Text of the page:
The Difference Between Occultism And Mysticism

“It’s close to philosophy, except in philosophy you go horizontally while in mysticism you go vertically. You plunge into it.” —Elie Wiesel

In A Nutshell

Both practices involve the alleged ability of the human mind to reach out and experience that which is beyond our regularly experienced senses. Mysticism often exists within the context of organized, established religion, while the same religion condemns occultism. Occultism is an experience of conflict whereby the person practicing it is attempting to control something or learn something that they shouldn’t know, while those who practice mysticism are striving to exist in harmony and peace with the greater world.

The Whole Bushel

At a glance, both occultism and mysticism seem like they’d be pretty similar—they both involve dealing with things that many people would say are better left alone, after all. And while that’s true, there are some differences that those who practice and those who study them will attest to.

First, the similarities in brief. Both schools of thought are ancient, and both deal with contacting and in some way interacting with things that are beyond our everyday perception. It’s the connection with things that the everyday person can’t see, hear, or touch—things that many of those everyday people don’t even believe in.

The differences are much more significant.

The first is the general feeling that comes from each respective practice. For those that practice the different arts of mysticism, they report that one of the defining characteristics is a sense of being connected: being one with whatever it is that they’re contacting but cannot see, being accepted into it, and being a part of something greater than themselves. They’re in a dream state, they’re one with the greater good, and it’s a pleasant, all-encompassing feeling.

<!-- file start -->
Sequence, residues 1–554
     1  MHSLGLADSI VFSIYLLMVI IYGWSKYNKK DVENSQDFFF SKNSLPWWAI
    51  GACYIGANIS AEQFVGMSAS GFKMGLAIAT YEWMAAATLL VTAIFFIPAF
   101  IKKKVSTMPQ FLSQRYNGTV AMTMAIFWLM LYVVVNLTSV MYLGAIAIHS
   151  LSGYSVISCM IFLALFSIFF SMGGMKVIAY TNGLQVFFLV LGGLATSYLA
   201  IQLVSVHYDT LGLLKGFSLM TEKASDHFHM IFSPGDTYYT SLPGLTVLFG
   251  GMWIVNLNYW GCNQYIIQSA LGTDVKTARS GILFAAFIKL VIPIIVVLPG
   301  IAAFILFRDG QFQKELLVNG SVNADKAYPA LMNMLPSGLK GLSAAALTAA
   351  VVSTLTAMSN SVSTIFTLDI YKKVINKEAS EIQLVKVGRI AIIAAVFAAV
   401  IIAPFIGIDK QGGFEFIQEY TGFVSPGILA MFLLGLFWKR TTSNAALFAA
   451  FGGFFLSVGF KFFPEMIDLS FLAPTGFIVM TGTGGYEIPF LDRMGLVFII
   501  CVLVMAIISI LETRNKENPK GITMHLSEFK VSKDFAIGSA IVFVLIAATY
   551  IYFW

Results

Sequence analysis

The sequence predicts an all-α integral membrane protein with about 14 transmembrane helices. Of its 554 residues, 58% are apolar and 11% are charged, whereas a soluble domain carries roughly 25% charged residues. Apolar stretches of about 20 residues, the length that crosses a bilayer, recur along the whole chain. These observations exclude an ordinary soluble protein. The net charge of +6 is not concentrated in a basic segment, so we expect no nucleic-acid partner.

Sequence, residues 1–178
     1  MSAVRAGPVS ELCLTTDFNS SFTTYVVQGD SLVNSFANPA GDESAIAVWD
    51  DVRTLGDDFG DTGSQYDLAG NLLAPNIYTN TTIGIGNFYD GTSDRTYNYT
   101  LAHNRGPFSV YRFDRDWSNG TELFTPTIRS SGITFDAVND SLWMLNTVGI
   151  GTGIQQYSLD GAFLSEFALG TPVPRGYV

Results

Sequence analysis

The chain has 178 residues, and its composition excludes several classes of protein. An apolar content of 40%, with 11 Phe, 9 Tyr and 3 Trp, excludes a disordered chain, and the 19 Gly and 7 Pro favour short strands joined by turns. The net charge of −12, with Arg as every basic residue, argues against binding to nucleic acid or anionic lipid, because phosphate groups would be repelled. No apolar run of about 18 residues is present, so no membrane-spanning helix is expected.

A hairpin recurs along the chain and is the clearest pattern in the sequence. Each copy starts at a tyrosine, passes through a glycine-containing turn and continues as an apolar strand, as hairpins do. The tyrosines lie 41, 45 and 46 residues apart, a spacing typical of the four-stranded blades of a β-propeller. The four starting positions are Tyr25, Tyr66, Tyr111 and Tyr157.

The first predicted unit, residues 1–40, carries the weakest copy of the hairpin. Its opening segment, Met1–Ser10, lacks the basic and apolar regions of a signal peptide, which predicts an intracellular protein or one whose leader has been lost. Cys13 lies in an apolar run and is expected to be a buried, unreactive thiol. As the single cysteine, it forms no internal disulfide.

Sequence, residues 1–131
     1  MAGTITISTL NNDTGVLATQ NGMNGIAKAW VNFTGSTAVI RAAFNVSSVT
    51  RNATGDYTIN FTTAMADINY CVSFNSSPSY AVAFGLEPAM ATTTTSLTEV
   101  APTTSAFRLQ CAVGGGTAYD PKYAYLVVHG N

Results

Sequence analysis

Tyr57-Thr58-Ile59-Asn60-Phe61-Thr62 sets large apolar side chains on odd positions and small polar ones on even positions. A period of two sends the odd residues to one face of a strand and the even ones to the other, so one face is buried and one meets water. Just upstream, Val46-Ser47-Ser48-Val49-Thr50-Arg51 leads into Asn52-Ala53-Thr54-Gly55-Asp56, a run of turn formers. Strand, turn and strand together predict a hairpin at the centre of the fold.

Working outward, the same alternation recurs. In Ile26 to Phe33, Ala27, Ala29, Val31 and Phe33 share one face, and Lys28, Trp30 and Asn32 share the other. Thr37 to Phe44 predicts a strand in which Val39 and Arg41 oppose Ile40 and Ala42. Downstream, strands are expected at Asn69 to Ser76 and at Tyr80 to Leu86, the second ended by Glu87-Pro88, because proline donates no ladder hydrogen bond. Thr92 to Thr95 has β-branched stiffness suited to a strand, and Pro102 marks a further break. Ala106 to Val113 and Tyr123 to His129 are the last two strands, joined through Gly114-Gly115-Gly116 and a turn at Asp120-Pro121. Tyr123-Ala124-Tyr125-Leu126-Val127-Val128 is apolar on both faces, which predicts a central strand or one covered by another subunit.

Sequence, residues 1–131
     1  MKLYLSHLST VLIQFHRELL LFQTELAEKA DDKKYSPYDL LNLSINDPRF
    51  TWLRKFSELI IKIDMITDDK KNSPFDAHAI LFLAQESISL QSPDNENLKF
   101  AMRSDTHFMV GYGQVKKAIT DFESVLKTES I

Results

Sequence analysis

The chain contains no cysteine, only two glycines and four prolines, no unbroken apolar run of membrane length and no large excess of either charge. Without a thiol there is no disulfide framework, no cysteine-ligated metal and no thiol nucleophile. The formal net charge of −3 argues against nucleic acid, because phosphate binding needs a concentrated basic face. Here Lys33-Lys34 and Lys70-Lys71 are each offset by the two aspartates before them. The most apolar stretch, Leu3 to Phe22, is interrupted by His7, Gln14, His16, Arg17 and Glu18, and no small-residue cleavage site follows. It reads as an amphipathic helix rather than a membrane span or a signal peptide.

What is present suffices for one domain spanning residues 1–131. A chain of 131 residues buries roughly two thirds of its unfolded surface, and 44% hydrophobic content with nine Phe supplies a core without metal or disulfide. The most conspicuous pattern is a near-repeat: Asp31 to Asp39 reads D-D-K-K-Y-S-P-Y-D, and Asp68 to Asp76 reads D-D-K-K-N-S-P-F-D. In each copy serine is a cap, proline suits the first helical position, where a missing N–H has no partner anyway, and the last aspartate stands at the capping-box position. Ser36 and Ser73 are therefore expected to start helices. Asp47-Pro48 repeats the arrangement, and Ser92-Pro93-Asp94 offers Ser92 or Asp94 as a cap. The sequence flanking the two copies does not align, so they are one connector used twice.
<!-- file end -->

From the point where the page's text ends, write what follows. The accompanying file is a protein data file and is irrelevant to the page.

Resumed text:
While working in union with the unknown world is part of mysticism, controlling it is part of occultism. Those who practice occultism do so in order to control or unnaturally influence part of their surroundings and to change the circumstances in which they exist. Occultism is equated with different types of magic when it comes to the religious definition—it’s the use of words, gestures, symbols, and incantations to manipulate unseen forces that are only known to the practitioners of the art.

Mysticism can exist alongside (and is often a big part of) religious traditions. In that it’s often seen as a person’s awareness of other things existing alongside us, just outside of the reach of our traditional senses, there’s more than enough room within religions like Buddhism, Judaism, and Christianity for the experience of mystical events and sensations.

Occultism, on the other hand, exists so far outside of mainstream religion that they can’t even see each other. Even as far back as ancient Babylon, it was made clear that practicing dark occult magic wasn’t to be tolerated—there were punishments and ordeals spelled out for those found guilty even in the Code of Hammurabi. The Bible was full of warnings to stay away from the evil of magic and occultism, pushing its practice into the darkness and leading to the criminalization of the art. Catholic theology takes a direct shot at it, saying that occultism is very, very much against the religion as it tries to acquire knowledge in a way other than through God, the accepted source for everything mankind should spiritually need.

Broadly speaking, there are also two different types of mystical experiences—the inward and the outward. The outward experience is said to allow the practitioner to see how all the elements of the world are bound together by unifying forces that others can’t see or experience. And the inward version of mysticism is, as its name suggests, the ability to look inside oneself to achieve a feeling of complete peace—peace which is sorely lacking in accounts of occultism.

Show Me The Proof

New Advent: Occult Art, Occultism
Mysticism Defined, by W.T. Stace
Stanford Encyclopedia of Philosophy: Mysticism